As the New York Yankees and their free agent shortstop Derek Jeter arm wrestle over Jeter’s next contract, no one in baseball seriously thinks there is a chance that Jeter will shed his pin stripes and grab the next flight out of JFK. After 16 years as a Yankee, seven trips to the World Series, 11 All Star appearances, and confirmed reservations as a member of the Baseball Hall of Fame after he retires, Derek Jeter is as iconic to the Bronx Bombers as all those other monuments planted beyond the center field wall in Yankee Stadium.
The Yankees have apparently put a three year $45 million offer on the table for Jeter’s agent Casey Close. But it seems that particular table needs to get a little larger to hold the amount of cash Close believes his client is worth. And what is Jeter’s recent worth, as established by the same Yankee front office that is currently playing cat to his mouse?
Derek Jeter just completed a 10 year $189 million contract to patrol the left side of New York’s infield, including a $21 million paycheck in 2010. That would be why the Yankees’ offer of $15 million a year (for three years) might seem insulting to the Jeter camp. (To put it into better perspective, if I were to be given a $6 million pay cut I would first have to immediately go to hundreds of job interviews, be quickly hired to several dozen full time jobs, then take massive salary cuts from all of them. Even then, I would owe an additional $5.2 million.)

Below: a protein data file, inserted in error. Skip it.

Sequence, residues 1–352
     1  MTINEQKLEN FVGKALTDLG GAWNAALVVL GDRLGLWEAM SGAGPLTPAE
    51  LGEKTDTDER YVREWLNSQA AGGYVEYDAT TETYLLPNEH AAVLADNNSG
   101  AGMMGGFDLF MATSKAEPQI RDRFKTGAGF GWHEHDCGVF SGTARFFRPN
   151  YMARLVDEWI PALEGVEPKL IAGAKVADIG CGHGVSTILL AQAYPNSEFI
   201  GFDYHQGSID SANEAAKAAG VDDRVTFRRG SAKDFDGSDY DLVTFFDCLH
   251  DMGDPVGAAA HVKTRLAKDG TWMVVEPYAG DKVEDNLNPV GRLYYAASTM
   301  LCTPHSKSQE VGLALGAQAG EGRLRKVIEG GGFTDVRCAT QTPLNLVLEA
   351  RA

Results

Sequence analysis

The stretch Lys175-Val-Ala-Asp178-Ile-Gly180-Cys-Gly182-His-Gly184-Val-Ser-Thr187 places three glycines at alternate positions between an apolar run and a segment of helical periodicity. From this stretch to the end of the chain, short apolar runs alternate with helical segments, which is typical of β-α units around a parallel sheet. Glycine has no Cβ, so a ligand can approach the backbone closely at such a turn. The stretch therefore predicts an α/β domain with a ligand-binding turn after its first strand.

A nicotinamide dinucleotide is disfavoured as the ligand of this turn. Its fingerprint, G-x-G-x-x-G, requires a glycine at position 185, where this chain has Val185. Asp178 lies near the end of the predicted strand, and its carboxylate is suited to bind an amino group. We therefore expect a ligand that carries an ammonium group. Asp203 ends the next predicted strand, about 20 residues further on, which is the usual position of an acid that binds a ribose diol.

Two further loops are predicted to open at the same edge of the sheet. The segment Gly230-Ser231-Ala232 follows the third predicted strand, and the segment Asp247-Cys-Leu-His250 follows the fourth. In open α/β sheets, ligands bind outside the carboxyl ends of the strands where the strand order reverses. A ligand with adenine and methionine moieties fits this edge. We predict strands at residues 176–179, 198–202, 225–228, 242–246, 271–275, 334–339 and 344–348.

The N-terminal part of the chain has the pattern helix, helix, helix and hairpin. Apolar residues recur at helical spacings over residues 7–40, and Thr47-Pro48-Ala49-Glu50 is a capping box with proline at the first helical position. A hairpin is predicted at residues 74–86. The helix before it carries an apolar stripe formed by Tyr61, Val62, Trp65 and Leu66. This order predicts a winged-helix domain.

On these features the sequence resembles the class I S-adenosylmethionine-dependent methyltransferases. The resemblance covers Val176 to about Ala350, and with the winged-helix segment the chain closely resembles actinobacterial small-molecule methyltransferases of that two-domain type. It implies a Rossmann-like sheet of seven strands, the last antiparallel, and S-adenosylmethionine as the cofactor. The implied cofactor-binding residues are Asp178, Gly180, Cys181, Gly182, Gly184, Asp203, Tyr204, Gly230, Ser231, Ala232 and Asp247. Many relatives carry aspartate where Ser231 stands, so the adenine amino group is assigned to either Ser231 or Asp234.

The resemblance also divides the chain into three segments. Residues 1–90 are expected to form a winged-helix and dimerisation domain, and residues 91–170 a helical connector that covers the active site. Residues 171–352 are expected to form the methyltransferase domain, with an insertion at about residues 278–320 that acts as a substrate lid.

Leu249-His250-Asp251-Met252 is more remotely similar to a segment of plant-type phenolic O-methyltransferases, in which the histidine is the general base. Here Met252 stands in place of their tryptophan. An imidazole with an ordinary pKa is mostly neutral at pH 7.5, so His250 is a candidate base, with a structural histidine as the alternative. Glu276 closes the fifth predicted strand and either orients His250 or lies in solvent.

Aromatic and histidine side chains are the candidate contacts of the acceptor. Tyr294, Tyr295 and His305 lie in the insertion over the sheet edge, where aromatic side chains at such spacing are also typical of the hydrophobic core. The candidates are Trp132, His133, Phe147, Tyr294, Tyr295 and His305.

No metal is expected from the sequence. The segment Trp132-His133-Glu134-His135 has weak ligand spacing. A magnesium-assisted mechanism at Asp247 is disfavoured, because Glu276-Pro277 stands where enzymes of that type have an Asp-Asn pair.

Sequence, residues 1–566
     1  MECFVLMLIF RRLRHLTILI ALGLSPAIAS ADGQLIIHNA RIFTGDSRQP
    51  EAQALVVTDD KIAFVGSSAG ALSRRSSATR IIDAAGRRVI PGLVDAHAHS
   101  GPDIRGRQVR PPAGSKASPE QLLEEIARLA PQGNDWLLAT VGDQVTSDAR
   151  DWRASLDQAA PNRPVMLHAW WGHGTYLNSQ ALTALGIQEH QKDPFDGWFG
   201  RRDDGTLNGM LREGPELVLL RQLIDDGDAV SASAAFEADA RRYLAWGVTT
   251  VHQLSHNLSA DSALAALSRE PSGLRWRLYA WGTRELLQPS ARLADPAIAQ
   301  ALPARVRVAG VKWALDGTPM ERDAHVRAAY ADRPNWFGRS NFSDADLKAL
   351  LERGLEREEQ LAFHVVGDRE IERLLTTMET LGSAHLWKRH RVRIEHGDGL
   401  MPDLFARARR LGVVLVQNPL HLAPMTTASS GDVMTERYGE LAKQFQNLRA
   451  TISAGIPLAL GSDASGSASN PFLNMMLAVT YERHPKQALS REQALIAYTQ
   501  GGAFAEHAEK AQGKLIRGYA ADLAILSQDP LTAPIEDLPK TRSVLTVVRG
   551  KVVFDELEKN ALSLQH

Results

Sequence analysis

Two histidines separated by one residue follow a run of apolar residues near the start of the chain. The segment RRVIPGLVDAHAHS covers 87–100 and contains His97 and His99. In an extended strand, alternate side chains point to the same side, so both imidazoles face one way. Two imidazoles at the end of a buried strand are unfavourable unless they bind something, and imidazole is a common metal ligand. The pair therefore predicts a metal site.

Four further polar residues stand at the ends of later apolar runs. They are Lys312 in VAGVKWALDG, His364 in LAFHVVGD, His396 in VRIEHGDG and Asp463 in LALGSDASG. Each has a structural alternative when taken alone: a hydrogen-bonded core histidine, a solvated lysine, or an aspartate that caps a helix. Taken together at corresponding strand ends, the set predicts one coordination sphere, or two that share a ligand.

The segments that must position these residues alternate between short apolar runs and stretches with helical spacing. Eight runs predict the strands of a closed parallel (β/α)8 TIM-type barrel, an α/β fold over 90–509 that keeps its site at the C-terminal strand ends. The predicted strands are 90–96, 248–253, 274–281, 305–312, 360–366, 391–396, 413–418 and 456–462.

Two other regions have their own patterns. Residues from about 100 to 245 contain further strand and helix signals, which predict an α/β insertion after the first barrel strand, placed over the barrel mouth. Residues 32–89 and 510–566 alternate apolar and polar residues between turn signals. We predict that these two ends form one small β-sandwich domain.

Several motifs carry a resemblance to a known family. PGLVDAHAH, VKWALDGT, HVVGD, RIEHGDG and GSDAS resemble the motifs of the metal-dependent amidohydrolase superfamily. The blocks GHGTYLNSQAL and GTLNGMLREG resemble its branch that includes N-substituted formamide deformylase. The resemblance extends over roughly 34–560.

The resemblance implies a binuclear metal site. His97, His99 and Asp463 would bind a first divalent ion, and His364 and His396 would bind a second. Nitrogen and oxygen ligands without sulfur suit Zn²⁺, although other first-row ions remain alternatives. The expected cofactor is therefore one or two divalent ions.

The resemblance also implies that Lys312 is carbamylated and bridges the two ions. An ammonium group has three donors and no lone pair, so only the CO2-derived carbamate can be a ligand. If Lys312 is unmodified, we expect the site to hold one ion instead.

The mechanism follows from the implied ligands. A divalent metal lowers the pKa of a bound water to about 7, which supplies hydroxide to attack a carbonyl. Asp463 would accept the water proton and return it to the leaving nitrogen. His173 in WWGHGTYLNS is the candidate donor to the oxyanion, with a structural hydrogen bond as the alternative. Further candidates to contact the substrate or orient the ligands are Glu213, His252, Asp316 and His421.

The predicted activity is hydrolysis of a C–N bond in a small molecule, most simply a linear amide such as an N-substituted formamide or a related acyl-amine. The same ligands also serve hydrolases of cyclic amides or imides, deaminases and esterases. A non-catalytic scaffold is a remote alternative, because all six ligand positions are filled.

Then out of nowhere, in the middle of these delicate negotiations, the Wall Street Journal’s Brian Costa reported that San Francisco Giants General Manager Brian Sabean had “contacted” Casey Close about Jeter. It is well-known in the baseball world that San Francisco is in need of a shortstop, and that was true even before the Giants’ beloved free agent infielder Juan Uribe jumped ship and put his DNA on the dotted line to become a Los Angeles Dodger. What, the Taliban didn’t have an opening in their infield so Uribe resorted to this?
The Giants contacting Jeter is extremely interesting, and not because there is any chance they might actually sign the wayward Jeter. San Francisco couldn’t begin to pay half the $45 million offer Derek Jeter and Casey Close blew their noses on and carefully inserted into the nearest shredder. No, the Giants were not shopping; Brian Sabean was giving a professional nod to his early baseball roots and to a player he originally helped scout and sign.
Sabean made his bones with the Yankee organization in the 1980s and early 1990s, first as scouting director, then as vice president of player development. He was instrumental in drafting a high school player from Kalamazoo, Michigan in 1992 named Derek Jeter. It was the find of a lifetime, and solidified his resume as an up an coming general manager. But before the Yankees gave him that opportunity the Giants grabbed Sabean in 1993; he became Giants GM in 1996.
Sabean’s call to Casey Close? The last thing most GMs want is for the sports media to get any inside information about who is calling whom about what, especially the hyper-secretive Sabean. So when the media found out about the call to Casey Close, it was certainly no accident. It has all the earmarks of a professional gesture to Derek Jeter, to show the aging shortstop he is not forgotten as he struggles with the most difficult contract negotiations of his career. A rare show of support from a GM on one team to a player on another, recalling and honoring a time when they were both just starting out on a very tough road.